Two of Byron’s iconic food brands say they will have to quit the shire within a year unless substantially larger processing space can be found for them than anything currently available.
That’s the urgency behind plans to build a 20-acre ‘food precinct’ opposite the existing Bangalow industrial estate on Lismore Road.
Because of the scale and cost of the proposed development ($23 million) it will bypass Byron Shire Council and be considered by the state’s Joint Regional Planning Panel (JRPP) instead.
Developer Bart Elias and town planner Paul De Fina told a packed Bangalow Progress Association (BPA) meeting on Thursday evening that they had been looking for 18 months to find an appropriate site for them to build at least two 5,000 square-metre factories for anchor tenants Brookfarm and Salumi.
They could soon be joined by a third world-famous shire-based brand, Byron Bay Cookies, which is also looking to expand.
And while the meeting heard about residents’ concerns over truck movements, visual amenity and potential pollution of Byron Creek (which runs through the property), most agreed with Mr De Fina’s proposition that, ‘the worst thing that could happen is seeing Byron Bay cookies produced in Melbourne [where owner Rinoldi is based].’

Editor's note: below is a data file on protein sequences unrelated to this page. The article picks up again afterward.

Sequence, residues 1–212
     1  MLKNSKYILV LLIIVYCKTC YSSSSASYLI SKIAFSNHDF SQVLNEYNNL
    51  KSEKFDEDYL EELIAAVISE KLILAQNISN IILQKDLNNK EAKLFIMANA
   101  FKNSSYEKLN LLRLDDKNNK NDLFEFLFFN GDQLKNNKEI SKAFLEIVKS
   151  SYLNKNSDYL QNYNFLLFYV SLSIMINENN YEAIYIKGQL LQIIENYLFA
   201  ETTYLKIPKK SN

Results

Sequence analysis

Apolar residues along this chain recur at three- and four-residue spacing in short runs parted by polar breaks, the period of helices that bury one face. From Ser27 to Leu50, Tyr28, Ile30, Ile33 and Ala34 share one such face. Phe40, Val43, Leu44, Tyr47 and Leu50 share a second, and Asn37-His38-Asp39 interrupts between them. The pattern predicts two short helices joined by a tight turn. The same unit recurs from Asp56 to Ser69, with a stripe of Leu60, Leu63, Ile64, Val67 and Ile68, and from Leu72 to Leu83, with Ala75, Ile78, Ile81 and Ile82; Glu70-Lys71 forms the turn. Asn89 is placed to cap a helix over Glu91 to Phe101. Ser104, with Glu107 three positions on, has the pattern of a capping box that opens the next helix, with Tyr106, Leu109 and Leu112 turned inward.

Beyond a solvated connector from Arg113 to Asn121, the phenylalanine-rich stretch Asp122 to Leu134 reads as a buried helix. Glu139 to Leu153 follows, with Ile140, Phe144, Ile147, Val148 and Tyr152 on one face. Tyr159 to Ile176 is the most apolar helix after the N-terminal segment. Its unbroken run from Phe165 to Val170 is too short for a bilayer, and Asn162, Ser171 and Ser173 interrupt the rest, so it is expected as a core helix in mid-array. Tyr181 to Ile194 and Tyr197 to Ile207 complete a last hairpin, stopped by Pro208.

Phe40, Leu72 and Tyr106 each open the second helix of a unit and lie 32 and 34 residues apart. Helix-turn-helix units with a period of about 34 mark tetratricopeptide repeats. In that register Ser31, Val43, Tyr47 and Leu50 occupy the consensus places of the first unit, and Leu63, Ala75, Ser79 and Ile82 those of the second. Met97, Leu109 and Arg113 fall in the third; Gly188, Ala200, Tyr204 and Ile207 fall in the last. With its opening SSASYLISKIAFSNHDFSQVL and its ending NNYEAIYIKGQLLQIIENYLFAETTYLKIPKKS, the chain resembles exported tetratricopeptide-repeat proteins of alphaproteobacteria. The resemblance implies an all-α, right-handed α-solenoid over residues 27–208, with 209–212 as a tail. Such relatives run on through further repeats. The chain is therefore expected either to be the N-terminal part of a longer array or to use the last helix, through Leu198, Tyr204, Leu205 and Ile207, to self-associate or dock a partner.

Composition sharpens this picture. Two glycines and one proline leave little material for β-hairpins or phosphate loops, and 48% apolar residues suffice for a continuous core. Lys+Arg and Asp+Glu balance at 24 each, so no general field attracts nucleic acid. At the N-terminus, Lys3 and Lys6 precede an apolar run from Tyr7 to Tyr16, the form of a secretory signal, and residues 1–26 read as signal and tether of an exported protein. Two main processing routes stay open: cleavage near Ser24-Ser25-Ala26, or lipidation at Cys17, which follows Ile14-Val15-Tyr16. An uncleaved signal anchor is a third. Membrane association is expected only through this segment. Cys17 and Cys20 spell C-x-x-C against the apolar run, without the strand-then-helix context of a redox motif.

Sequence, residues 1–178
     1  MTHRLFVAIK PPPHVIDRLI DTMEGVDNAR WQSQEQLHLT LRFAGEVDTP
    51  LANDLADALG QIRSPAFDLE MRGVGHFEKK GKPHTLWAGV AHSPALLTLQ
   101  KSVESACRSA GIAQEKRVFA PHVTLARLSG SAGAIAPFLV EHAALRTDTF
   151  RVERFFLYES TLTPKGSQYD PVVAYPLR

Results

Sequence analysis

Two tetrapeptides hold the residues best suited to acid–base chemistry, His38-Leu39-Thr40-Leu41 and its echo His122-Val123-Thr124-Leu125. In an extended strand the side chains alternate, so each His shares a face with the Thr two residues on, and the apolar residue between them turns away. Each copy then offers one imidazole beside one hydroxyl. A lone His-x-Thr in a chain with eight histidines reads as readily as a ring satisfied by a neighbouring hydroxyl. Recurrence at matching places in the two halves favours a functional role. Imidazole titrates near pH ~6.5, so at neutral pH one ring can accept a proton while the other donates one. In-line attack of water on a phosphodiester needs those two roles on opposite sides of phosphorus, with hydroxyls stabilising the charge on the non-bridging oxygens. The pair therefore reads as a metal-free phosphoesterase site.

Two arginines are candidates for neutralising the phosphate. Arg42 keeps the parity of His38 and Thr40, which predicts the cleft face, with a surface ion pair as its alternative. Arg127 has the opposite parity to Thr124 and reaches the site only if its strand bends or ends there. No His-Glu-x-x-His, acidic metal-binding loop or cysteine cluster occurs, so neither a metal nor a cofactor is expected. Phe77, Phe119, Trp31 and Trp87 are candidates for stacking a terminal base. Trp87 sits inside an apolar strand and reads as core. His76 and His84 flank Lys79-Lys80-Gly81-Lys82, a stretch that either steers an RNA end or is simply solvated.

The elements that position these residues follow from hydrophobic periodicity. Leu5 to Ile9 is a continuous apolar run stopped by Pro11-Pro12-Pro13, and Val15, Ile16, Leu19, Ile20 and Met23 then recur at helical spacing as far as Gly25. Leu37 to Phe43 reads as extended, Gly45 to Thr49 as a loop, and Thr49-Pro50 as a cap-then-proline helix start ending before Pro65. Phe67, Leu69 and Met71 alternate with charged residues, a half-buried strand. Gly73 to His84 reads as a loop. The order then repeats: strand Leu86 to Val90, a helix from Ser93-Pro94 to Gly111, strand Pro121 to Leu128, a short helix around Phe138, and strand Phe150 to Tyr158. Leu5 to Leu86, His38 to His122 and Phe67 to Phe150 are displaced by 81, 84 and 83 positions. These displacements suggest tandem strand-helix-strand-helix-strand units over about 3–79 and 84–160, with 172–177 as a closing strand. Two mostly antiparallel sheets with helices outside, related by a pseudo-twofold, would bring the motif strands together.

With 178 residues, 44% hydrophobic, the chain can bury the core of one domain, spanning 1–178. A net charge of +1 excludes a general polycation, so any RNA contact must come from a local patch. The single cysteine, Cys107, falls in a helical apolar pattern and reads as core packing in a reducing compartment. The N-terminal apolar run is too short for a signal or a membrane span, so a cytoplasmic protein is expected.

The development would also include several smaller commercial kitchens for cottage businesses requiring occasional usage as well as a barn that could provide space for a regular growers market and a cafe.
The proposal would blow out of the water Byron Shire Council’s equally contentious ‘food hub’ plan for the old RMS donga site, with both Brookfarm and Salumi confirming to Echonetdaily that it was unsuitable for them.
The at-times rowdy meeting had to be brought to order by BPA president Tony Hart, who at one point begged the audience, ‘don’t let this turn into a fight.’
‘There are a lot of pros and cons of every development,’ he said, adding that if ‘Bart and Paul [don’t] give you some answers that might satisfy you… they can take away your issues or we can pass them to council.’
Mr De Fina exacerbated matters by referring to some women questioners as ‘darl’ and ‘love’, resulting in some sarcastic responses from the audience.
At one stage he pointedly asked the audience if they had read the 550-page DA in its entirety, to which two said that they had.
But that didn’t negate a range of concerns, highest on the list being a substantial increase in the number of truck movements along Lismore road, and from the M1 exit through the town itself.
Mr De Fina himself admitted that the principal concern about the development was the proposed size of the three main sheds, which are designed to be increased from 5,000sqm to 10,000sqm each over time. But this he said was necessary to cater to expansion over a 10-year timeline.
‘It looks large from aerial point of view but the view from road [will be] minimal,’ he said.
Brook family plead
Members of the Brook family, owners of Brookfarm said the estate would be good for Bangalow and increase employment in the area.
Brookfarm’s logistics manager Will Brook told the meeting why the new factory site was so important to them.